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Novelist and New Hampshire native John Irving earns lifetime achievement award

FILE - In this June 7, 2016 file photo, John Irving speaks at a book discussion for his novel "Avenue of Mysteries" at Coral Gables Congregational Church in Miami. Irving is this year’s winner of a lifetime achievement award celebrating literature’s power to foster peace. Dayton Literary Peace Prize officials have chosen John Irving, whose first novel was published 50 years ago when he was 26, for the Richard C. Holbrooke Distinguished Achievement Award. It's named for the late U.S. diplomat who brokered the 1995 Bosnia peace accords reached in Ohio. (Photo by Michele Eve Sandberg/Invision/AP, File)
Michele Eve Sandberg/Invision/AP/File
John Irving (shown in 2016) is this year’s winner of a lifetime achievement award celebrating literature’s power to foster peace.

New Hampshire native and acclaimed novelist John Irving has been presented with a lifetime achievement award honoring writers whose work fosters peace, social justice, and global understanding. Irving, 76, who has published 14 novels in his 50-year career, has earned the Richard C. Holbrooke Distinguished Achievement Award, named for the late US diplomat who brokered the 1995 Bosnia peace accords. In novels such as “The World According to Garp,” “The Cider House Rules,” “In One Person,’’ and others, Irving explores the fraught complexities of gender, social issues, and faith. His work is infused with his touchstones and obsessions: New England, writing, wrestling, and bears. Here are some of his best-known books (many of which have been turned into movies):

THE WATER-METHOD MAN (1972)

Traces the life of financially and romantically troubled grad student Fred “Bogus” Trumper from his New England childhood (Exeter Academy, Irving’s alma mater, figures in here and in several of his books), through study in Vienna, Iowa, and finally New York.

THE 158-POUND MARRIAGE (1974)

A dark satire of the sexual revolution told through the tale of two couples (among them a writer and a wrestling coach) in a New England college town who try their hand at swinging.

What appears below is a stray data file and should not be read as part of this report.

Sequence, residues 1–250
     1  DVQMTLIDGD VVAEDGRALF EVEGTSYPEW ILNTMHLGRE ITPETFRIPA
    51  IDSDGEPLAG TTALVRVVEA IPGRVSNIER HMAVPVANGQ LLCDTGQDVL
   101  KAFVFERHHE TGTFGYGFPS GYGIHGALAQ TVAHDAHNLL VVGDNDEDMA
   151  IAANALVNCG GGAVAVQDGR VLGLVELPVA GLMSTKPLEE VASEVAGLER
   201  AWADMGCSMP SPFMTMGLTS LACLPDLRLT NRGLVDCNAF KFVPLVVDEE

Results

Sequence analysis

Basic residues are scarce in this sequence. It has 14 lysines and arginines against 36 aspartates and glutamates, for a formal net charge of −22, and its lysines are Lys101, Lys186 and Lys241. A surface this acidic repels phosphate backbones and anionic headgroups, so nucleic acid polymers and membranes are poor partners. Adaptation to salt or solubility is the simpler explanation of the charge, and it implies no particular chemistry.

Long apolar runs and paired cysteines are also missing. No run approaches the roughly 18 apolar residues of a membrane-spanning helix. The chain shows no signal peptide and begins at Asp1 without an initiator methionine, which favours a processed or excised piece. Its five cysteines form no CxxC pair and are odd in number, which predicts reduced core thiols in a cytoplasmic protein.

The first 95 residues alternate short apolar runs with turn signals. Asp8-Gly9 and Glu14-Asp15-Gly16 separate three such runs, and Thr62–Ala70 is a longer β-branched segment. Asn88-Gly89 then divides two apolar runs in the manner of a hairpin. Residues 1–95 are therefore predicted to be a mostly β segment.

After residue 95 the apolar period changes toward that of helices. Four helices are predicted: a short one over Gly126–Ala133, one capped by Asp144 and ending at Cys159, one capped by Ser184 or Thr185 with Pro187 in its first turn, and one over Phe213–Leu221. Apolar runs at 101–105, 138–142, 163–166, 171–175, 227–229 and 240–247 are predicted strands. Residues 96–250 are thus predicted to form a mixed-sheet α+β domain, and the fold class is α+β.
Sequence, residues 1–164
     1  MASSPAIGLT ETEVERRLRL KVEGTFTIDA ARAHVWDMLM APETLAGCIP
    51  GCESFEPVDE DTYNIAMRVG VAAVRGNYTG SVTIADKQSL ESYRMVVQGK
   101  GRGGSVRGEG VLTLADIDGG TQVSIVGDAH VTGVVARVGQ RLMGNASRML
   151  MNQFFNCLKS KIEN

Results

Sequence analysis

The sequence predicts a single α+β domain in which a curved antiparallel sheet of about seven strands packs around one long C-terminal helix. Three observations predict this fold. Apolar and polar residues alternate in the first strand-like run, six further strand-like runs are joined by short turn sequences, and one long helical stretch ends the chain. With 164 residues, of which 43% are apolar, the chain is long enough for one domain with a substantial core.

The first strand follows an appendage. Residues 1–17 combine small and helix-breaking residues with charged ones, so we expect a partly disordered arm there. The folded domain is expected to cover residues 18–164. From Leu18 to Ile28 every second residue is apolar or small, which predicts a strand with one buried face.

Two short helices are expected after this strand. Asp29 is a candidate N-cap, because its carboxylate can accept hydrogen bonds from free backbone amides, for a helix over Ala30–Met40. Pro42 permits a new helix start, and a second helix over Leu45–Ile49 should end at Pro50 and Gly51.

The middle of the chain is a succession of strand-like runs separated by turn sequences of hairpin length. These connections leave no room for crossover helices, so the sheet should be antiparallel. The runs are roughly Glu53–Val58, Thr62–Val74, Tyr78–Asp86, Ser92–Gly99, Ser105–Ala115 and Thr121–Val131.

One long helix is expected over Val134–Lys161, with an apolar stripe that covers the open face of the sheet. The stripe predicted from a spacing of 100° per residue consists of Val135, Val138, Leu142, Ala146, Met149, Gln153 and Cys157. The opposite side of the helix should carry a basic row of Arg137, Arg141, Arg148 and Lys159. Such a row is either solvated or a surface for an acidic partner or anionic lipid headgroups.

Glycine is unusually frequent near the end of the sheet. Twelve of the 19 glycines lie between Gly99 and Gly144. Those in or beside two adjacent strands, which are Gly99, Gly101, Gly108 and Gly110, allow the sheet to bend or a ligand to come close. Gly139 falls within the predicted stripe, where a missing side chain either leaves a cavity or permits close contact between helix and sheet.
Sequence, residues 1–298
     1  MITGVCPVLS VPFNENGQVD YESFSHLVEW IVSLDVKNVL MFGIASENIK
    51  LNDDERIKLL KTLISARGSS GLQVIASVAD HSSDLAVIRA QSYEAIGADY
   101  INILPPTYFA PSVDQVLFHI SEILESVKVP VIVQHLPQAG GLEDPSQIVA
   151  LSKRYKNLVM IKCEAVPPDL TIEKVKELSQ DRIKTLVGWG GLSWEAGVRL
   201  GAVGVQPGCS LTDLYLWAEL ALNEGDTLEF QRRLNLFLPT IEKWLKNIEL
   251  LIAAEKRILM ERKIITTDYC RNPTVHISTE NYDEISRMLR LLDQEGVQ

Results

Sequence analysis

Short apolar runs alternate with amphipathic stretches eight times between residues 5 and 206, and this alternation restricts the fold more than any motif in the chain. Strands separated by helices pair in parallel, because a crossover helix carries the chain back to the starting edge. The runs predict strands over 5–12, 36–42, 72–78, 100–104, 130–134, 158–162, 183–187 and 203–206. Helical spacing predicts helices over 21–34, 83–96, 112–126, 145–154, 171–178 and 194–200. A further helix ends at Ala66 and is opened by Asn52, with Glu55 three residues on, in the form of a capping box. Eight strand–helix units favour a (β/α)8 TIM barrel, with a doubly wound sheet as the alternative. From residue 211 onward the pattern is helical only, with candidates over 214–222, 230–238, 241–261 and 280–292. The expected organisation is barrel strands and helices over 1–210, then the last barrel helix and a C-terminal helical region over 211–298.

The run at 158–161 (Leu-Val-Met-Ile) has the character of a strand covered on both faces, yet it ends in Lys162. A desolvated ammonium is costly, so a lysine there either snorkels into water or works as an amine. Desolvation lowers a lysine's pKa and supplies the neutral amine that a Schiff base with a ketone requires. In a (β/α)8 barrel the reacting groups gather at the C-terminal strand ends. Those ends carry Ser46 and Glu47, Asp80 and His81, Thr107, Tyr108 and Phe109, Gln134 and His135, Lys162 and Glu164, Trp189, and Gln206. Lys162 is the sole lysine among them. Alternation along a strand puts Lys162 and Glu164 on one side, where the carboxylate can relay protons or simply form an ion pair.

THE WORLD ACCORDING TO GARP (1978)

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Shadowy, comic, coming-of-age saga of writer T.S. Garp, son of feminist leader Jenny Fields, that features infidelity, boys schools, wrestling, and a trans woman bodyguard who was a former pro-football player.

THE HOTEL NEW HAMPSHIRE (1981)

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Quirky saga of Win and Mary Berry, their kids, Frank, Franny, John, Lilly, and Egg, two Hotel New Hampshires (one in the namesake state and the other in Vienna), pet bears, and a pal named Freud.

THE CIDER HOUSE RULES (1985)

Life gets pretty thorny in early-20th-century rural Maine for Dr. Wilbur Larch, orphanage director, ether addict, and abortionist, and Homer Wells, one of his charges who is never adopted.

A PRAYER FOR OWEN MEANY (1989)

Set in 1950s and 1960s New Hampshire, the story of two boys, Owen Meany and Johnny Wheelwright, through the death of Johnny’s mother from an errant baseball hit by Owen and Johnny’s growing belief in the divinity of his friend.

IN ONE PERSON (2012)

Winner of a 2013 Lambda Literary Award, this novel trails bisexual narrator Billy Dean as he wrestles with his sexual identity from his Vermont boyhood through decades of crushes, compulsions, and couplings.

Paul S. Makishima can be reached at makishima@globe.com.